BEIRUT — The Cry of the Depositors, an advocacy group defending depositors' rights and associated with previous actions against Lebanese banks, organized a sit-in in front of Banque du Liban in Beirut on Wednesday morning, with activists burning tires protesting the bank's actions to slash depositors' money, the state-run National News Agency reported.
Protesters threw rocks toward the central bank and demanded it cancels recent circulars aimed at deducting "more than 70 percent of the depositors’ money."
Caretaker Minister of the Displaced Issam Charafeddine was reportedly present at the scene in support of the protestors.
BDL circulars have indirectly validated otherwise illegal banking restrictions imposed these past three years, while authorities have allowed de facto capital controls to be imposed in the absence of any law regulating these measures.
For instance, BDL Circular No. 151 allows the withdrawal of restricted dollars, known as "Lebanese dollars" or "lollars" at a rate higher than LL1,507.5, set at LL8,000 since last December, while Circular 161 authorizes banks to provide cash dollars to their customers — provided their account respond to a set of defined criteria — by converting funds from their accounts at BDL’s Sayrafa rate.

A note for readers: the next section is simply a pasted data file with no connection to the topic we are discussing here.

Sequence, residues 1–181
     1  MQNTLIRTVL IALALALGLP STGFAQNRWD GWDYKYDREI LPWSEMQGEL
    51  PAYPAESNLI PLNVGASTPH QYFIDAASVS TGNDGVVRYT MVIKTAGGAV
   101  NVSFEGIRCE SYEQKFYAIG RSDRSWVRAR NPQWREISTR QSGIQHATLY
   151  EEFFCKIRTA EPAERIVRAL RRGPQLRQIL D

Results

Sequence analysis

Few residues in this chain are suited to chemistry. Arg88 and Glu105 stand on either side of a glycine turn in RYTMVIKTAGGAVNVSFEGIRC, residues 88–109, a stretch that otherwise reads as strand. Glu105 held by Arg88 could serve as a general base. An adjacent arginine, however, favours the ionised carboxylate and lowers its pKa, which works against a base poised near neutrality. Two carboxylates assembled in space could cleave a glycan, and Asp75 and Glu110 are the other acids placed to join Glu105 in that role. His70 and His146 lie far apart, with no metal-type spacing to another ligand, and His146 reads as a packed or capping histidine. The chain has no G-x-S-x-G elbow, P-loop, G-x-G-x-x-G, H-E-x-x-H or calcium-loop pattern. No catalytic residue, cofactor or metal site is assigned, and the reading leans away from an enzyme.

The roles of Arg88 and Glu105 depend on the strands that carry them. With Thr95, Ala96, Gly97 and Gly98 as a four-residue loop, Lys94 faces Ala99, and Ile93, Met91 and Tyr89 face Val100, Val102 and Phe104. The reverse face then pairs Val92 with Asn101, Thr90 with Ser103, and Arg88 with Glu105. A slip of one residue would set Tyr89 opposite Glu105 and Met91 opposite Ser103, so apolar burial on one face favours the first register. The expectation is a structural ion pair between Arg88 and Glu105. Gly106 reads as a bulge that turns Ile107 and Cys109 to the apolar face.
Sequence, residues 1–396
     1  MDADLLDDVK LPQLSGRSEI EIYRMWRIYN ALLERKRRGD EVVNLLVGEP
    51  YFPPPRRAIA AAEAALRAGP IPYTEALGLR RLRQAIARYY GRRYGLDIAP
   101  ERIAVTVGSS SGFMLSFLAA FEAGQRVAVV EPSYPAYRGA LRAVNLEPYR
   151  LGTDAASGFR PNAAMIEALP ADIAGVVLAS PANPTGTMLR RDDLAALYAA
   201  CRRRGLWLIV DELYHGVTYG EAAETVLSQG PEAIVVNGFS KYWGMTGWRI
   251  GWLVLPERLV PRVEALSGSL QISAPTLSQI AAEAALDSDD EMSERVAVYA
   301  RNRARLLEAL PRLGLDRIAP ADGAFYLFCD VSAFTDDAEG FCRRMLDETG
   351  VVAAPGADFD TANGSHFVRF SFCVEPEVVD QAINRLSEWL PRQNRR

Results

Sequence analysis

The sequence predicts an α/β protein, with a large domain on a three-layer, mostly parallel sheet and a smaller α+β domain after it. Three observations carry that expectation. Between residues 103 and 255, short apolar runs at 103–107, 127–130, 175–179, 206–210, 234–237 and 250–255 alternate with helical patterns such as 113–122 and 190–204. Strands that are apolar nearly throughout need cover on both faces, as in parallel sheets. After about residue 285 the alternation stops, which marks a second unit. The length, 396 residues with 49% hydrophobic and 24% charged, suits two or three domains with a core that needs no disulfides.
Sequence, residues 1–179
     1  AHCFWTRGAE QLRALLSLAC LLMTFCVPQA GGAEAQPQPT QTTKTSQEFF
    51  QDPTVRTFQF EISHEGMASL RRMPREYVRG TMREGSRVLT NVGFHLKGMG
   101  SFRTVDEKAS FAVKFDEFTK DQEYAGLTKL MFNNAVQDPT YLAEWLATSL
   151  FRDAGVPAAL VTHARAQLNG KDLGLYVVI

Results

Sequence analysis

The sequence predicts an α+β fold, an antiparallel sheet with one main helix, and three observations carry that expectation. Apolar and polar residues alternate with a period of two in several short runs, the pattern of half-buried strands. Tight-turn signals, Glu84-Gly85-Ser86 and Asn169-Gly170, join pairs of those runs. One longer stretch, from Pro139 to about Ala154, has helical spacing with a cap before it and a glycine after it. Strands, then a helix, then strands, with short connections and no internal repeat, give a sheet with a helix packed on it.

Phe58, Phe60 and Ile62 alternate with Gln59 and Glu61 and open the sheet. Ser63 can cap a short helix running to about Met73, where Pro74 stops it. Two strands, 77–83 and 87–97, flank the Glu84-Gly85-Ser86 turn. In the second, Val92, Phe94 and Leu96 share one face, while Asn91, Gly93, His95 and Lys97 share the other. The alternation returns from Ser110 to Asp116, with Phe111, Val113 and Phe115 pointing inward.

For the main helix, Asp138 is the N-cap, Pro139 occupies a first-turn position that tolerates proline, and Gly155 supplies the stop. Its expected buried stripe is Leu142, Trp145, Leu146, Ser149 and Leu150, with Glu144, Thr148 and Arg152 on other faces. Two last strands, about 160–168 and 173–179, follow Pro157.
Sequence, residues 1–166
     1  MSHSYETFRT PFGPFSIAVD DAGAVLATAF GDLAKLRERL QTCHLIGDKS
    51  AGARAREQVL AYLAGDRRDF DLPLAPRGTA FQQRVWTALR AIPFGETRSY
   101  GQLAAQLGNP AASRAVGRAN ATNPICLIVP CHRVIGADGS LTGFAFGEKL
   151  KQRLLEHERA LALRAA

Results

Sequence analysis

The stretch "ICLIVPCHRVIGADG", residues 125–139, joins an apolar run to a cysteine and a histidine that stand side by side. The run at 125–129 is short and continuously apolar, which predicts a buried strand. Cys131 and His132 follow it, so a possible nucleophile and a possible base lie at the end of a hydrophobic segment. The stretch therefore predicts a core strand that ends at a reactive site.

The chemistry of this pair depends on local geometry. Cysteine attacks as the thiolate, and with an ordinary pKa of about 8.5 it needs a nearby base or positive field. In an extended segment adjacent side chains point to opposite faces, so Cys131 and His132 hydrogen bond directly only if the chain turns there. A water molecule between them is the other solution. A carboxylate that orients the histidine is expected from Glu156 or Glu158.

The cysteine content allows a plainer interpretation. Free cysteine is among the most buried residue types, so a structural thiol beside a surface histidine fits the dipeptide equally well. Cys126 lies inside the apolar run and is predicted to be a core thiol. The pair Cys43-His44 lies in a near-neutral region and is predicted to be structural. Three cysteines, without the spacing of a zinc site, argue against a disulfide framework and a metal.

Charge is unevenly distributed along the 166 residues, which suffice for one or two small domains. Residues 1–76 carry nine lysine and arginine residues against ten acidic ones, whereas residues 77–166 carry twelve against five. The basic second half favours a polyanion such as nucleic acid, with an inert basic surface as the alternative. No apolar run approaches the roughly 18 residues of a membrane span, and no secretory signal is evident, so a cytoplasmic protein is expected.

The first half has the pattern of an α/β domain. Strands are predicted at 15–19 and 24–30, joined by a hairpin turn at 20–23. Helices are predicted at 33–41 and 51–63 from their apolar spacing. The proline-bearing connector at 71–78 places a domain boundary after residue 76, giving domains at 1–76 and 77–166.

The Sayrafa rate is lower than that of the parallel market. On Wednesday, the Sayrafa rate was set at LL29,800 to the dollar, while the parallel market rate was LL39,200.
New bank holdup
Earlier in the day Wednesday, a man fired a machine gun at a Bank of Beirut branch in Jbeil, north of Beirut, after the bank reportedly denied him entry without a prior appointment. The man caused material damage to the bank and no injuries were reported, according to the NNA. Security forces arrived at the scene and launched an investigation.
Meanwhile, Forces of Change MP Cynthia Zarazir entered a Byblos bank branch in Antelias, Mount Lebanon unarmed on Wednesday morning to demand part of her blocked savings in order to pay for a surgery, the MP told L'Orient Today by phone.
On Monday, lawyer and activist Rami Ollaik, who is the founder of Mouttahidoun (Arabic for "United") told L'Orient Today that actions against several banks were planned for Tuesday in Mount Lebanon and the Bekaa. On Tuesday, depositors attempted to forcibly withdraw their funds from the Lebanese Bank for Commerce (BLC) in Chtaura, in the Bekaa; First National Bank (FNB) in Tripoli, North Lebanon; Intercontinental Bank of Lebanon (IBL) in Hazmieh, in the suburbs of Beirut; and Byblos Bank in Sour — only the first and last leading to successful withdrawals.
This succession of incidents is reminiscent of the series of holdups that took place in Lebanon last month, when seven bank holdups occurred between Sept. 14 and 16.